Random file I/O regressions on stock Linux kernelsUpdate: 05/05/2004: Andrew Morton posted on the linux-kernel mailing list the read-ahead patch against 2.6.6-rc3 that cuts the regression down to about 10% . The results of the patched 2.6.6-rc3 have been added to the results table below.
I ran the SysBench random file I/O test on stock 2.4 and 2.6 kernels and found significant regressions for 2.6 kernels that I failed to explain.
Test setupThe workloads were created by the SysBench fileio test with the following parameters:
The fileio test configured in this way creates 16 worker threads, each running random read/write I/O requests in blocks of 16 KB with a read/write ratio of 1.5. All I/O operations are evenly distributed among 128 files with a total file size of 3 GB. Each 100 requests, an fsync() operation is performed sequentially on each file. The total number of requests is limited by 10000.
The SysBench command line arguments for this configuration are the following:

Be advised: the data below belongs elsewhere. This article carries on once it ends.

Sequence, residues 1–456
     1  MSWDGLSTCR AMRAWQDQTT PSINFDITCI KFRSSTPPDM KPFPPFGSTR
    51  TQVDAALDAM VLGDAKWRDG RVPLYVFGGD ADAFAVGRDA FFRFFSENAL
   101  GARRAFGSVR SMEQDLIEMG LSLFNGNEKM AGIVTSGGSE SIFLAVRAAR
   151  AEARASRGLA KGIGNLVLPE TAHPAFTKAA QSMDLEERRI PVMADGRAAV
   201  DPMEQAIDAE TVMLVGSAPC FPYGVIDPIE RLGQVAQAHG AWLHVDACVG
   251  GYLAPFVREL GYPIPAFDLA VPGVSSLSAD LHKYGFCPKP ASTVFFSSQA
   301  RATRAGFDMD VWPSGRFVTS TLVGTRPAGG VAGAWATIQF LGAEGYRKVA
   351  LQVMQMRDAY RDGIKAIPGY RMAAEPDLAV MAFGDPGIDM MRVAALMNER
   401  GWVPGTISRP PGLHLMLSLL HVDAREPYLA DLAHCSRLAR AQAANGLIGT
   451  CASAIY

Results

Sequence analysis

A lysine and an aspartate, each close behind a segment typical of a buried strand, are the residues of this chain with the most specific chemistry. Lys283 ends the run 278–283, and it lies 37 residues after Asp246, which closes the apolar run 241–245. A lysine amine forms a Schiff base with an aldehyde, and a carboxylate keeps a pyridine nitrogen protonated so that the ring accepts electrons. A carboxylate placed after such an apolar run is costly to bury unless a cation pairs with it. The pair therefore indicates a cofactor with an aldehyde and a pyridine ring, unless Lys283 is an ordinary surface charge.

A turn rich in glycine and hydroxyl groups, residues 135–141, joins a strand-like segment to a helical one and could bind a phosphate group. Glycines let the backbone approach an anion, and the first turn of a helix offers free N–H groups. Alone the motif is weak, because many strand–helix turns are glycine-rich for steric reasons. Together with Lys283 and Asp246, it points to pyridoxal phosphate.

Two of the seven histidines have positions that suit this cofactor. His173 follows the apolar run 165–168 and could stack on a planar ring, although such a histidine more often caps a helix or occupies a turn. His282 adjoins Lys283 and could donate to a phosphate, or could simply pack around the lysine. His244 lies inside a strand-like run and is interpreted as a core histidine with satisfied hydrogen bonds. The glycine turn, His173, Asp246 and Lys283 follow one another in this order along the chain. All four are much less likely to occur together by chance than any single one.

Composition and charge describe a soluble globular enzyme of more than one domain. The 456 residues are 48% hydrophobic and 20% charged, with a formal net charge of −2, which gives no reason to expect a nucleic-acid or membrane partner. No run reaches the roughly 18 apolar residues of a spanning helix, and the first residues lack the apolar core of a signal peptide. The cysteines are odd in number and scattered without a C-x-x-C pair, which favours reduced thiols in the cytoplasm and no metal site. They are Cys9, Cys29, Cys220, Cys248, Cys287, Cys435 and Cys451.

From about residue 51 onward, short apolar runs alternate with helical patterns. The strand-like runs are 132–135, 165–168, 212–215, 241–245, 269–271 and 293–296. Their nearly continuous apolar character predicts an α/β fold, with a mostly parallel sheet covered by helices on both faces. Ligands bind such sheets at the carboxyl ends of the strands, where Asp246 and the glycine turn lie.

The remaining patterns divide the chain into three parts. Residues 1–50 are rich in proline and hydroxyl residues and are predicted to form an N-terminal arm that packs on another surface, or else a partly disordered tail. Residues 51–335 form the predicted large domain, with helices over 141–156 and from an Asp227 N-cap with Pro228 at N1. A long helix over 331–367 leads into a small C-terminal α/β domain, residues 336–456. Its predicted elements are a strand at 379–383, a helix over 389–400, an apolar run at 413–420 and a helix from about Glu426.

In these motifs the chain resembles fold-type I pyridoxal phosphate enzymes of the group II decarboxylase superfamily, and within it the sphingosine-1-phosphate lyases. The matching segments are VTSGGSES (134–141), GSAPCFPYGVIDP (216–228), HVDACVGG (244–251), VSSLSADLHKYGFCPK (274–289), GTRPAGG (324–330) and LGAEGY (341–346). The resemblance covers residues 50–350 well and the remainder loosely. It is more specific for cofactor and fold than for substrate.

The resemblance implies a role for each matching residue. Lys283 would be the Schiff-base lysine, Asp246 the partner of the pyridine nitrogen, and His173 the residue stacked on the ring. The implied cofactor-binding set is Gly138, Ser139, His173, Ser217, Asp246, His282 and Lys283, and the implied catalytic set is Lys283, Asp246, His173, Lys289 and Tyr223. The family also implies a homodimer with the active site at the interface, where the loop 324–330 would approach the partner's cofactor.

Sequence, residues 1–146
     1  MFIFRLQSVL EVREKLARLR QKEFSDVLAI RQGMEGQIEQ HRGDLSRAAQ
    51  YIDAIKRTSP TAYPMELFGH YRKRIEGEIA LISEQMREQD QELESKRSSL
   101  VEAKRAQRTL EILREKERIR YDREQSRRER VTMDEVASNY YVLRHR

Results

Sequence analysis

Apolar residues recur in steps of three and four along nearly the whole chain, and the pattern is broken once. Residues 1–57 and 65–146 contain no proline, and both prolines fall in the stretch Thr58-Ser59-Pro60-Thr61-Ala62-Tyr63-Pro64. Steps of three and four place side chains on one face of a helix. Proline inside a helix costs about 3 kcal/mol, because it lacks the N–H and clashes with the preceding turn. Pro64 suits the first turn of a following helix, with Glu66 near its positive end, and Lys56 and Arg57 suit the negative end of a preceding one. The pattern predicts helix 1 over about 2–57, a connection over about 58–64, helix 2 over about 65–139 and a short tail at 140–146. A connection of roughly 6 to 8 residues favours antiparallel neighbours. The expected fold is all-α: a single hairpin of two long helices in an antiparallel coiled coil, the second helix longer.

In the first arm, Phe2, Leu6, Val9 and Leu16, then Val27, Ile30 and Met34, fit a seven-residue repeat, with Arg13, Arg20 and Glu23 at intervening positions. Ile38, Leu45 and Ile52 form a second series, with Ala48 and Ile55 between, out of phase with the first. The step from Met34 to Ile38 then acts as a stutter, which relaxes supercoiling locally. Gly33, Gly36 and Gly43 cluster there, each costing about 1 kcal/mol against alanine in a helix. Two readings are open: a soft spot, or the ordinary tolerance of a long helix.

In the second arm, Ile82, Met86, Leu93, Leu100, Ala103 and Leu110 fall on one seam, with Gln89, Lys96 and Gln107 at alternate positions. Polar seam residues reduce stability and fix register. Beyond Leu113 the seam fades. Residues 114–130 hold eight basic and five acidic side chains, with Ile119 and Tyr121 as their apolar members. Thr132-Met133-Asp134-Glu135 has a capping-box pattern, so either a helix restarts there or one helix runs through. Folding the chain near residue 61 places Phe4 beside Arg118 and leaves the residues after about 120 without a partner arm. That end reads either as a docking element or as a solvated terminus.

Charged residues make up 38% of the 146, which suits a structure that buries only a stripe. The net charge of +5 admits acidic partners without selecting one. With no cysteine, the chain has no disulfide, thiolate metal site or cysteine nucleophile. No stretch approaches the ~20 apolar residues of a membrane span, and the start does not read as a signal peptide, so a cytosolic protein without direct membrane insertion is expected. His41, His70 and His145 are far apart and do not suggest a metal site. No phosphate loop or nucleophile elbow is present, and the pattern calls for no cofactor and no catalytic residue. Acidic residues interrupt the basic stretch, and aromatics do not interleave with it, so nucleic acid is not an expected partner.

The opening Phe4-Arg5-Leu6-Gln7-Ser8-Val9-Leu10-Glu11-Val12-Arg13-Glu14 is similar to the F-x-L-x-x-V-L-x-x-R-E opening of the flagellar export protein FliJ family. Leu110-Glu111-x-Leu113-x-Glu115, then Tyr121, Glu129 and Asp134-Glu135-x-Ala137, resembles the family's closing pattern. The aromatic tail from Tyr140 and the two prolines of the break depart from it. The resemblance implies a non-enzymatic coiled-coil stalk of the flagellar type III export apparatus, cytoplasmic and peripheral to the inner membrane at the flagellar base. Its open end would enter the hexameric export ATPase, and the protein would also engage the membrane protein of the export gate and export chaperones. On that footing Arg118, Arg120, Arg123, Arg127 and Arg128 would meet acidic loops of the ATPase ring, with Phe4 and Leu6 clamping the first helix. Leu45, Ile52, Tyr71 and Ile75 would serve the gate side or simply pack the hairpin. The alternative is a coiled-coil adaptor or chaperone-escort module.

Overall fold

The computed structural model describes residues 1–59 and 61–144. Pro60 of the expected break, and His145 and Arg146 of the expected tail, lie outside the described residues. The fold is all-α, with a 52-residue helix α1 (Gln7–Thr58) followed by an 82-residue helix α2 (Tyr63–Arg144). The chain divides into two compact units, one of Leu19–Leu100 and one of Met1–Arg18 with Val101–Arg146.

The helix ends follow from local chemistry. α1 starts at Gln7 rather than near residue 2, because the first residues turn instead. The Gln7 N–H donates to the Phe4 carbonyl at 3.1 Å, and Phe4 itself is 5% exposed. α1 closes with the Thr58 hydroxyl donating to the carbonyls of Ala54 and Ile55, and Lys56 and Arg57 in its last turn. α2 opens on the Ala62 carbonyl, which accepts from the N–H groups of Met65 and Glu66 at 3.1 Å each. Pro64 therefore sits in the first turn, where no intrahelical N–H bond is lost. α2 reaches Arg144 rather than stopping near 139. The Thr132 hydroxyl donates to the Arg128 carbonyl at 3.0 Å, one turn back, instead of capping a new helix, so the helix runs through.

sysbench --num-threads=16 --test=fileio --file-total-size=3G --file-test-mode=rndrw runThe filesystem used for the test runs was ext3 with data=ordered.
HardwareThe benchmarks hardware is an AMD Athlon 800 MHz with 640 MB RAM and an IBM IC35L040 IDE hard drive.
Kernel versionsI tested vanilla 2.4.25 (config), 2.6.5-bk2 (config) and 2.6.6-rc3 (config) (+ read-ahead patch) kernels with a default I/O scheduler for 2.4.25 kernel and anticipatory, deadline, CFQ and "noop" schedulers for 2.6.x kernels.
ResultsThe following table shows the results of the tests. Values represent the number of seconds required for the test to complete (lower is better).